Anesthesia machines have come a long way since the ancient Boyles apparatus. Over the years, the machines have evolved from a simple pneumatic device to a complex array of electrical, mechanical, and computer controlled systems for patient safety and user convenience. The most common type of anesthetic machine in use in the developed world is the continuous-flow anesthetic machine, which is designed to provide an accurate and continuous supply of medical gases (such as oxygen and nitrous oxide), mixed with an accurate concentration of anesthetic vapor (such as isoflurane), and deliver this to the patient at a safe pressure and flow.
Anesthesia machine manufacturers and technology start-ups are continuously introducing technological advances in newest models for myriad benefits, such as, improved patient care, enhanced financial oversight and responsibility, outcomes research, and many others. The major improvements in the machine over the past 10 years have been seen in ventilation modes that were previously only used in ICUs. These include pressure support ventilation (PSV), synchronized intermittent mandatory ventilation (SIMV), synchronized mandatory minute ventilation (SMMV), and various derivatives of each mode. These modes are a very nice feature for orthopedic cases where the patient initiates the breath and the ventilator completes the breath.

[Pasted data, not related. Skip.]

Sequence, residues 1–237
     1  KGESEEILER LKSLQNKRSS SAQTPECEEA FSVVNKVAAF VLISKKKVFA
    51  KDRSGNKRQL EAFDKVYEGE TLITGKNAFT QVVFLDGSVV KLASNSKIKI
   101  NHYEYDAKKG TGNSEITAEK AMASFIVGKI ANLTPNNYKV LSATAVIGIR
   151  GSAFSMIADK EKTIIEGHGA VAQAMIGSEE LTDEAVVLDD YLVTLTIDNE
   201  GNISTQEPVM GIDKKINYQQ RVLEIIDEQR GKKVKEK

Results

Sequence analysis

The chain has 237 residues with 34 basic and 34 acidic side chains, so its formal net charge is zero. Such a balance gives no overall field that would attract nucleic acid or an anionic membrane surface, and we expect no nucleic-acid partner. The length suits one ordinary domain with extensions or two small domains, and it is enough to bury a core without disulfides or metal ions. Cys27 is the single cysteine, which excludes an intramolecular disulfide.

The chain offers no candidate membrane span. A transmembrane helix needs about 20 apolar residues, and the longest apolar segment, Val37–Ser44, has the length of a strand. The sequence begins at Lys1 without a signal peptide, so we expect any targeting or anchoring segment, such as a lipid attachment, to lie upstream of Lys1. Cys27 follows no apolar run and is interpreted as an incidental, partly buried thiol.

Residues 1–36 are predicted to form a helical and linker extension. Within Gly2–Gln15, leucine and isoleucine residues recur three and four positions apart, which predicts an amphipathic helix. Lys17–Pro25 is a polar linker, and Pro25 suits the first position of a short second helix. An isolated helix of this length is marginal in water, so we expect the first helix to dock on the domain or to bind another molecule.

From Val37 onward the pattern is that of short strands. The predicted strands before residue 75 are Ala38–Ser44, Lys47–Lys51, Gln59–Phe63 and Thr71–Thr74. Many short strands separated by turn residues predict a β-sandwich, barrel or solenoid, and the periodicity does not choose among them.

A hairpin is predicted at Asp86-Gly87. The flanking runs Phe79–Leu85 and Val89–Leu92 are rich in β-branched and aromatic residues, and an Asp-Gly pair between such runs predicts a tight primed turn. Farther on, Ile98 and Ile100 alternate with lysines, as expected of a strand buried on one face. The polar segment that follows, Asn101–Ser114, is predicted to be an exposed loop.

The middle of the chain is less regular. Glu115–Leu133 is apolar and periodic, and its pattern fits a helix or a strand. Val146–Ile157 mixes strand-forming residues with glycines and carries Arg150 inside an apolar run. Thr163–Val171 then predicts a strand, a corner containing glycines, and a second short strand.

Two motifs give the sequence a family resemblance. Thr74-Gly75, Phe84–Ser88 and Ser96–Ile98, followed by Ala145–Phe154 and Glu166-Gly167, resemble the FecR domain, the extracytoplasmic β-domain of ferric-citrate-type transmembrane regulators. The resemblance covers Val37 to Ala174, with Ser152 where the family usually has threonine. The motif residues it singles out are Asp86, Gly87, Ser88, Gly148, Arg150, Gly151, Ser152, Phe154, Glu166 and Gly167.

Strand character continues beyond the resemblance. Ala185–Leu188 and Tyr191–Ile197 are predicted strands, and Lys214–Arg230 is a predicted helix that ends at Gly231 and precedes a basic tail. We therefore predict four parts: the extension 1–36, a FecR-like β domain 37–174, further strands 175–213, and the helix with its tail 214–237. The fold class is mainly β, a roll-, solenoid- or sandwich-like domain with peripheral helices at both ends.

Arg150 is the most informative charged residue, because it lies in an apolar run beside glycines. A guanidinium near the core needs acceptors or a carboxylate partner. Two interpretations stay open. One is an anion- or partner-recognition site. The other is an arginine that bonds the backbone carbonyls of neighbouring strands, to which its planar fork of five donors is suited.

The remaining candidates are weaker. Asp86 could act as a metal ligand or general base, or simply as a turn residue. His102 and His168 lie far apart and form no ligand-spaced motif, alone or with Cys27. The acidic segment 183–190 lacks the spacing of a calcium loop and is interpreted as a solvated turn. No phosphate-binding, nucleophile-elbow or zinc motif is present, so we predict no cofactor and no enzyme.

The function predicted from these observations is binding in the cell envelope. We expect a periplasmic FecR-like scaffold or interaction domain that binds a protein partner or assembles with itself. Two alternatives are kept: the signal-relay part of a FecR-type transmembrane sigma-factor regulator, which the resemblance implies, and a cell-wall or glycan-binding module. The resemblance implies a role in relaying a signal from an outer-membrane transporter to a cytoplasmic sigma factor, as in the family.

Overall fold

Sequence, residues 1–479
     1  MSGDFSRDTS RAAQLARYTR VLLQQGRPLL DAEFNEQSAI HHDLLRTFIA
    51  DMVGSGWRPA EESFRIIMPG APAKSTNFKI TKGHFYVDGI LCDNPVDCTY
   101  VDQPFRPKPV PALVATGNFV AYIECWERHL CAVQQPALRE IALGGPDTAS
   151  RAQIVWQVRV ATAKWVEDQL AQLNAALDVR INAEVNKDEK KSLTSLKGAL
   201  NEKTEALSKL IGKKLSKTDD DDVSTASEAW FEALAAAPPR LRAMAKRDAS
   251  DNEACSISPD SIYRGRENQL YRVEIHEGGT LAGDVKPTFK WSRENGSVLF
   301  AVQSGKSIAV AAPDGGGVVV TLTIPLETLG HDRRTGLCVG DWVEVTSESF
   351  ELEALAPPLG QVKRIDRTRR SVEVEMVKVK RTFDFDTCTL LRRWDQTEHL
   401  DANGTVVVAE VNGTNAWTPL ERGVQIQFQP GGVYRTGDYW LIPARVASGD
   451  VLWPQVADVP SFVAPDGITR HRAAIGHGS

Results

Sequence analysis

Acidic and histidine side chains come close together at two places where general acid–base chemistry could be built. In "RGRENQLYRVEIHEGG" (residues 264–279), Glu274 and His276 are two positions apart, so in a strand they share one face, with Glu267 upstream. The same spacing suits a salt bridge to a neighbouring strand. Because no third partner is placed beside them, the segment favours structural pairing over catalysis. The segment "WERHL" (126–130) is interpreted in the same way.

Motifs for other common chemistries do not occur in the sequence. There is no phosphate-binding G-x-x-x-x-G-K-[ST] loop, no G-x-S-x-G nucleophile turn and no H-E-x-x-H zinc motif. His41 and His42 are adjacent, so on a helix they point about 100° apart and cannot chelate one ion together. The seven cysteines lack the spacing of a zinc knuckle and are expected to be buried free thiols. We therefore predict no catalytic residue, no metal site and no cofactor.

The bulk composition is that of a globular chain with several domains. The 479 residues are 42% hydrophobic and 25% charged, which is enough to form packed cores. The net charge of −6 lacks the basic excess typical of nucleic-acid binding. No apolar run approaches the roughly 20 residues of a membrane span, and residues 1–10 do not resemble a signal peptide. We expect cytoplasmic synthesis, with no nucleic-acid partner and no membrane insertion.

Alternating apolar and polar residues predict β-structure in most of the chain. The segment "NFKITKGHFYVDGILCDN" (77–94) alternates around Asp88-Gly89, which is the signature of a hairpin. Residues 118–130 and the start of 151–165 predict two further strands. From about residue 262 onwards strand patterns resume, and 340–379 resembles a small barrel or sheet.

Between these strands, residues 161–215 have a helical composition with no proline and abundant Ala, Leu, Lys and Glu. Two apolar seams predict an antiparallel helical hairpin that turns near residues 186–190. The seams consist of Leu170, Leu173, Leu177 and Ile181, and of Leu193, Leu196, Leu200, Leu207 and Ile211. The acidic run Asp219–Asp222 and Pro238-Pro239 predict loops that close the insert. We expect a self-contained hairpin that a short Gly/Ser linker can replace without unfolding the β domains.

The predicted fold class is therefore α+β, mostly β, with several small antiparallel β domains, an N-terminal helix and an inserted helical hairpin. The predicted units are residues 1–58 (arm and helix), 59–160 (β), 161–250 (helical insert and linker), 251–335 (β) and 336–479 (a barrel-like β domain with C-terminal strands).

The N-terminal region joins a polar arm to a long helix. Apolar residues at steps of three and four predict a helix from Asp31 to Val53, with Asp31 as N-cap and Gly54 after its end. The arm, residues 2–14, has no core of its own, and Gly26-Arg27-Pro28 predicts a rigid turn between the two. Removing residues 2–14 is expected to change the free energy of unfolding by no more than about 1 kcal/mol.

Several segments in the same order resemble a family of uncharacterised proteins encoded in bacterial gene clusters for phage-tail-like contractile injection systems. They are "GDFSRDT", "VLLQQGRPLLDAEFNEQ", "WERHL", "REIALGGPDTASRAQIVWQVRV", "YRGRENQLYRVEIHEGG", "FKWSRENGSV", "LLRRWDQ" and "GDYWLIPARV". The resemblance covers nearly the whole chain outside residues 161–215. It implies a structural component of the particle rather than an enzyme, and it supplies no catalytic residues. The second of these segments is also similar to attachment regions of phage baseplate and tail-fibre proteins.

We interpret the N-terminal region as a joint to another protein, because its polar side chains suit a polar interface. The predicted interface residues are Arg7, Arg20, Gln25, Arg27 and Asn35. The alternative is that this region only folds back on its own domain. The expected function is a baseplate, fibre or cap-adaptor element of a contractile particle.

Modern systems tightly integrate various subsystems, such as, an anesthetic ventilator, a circle absorber, a flow control systems, an anesthetic gas scavenging system, vaporizers, and alarm systems, resulting in a minimized workload and better usability for the anesthesiologist. New devices also offer the option of being ceiling-pendent-mounted rather than floor mounted for optimum space utilization. Moreover, the current systems present in the market are high-luminance and come with wide display screens with different sizes and touch/non-touch variants. Also, with advancements in perioperative care, there is tremendous improvement in anesthetic tools with the passage of time and hence, the list of safety features is also rapidly expanding. Ultramodern anesthetic machines are programmed with a computerized safety self-checkout feature which is initiated at start up. Pre-use check along with regular maintenance is the key to circumvent mishaps due to machine faults.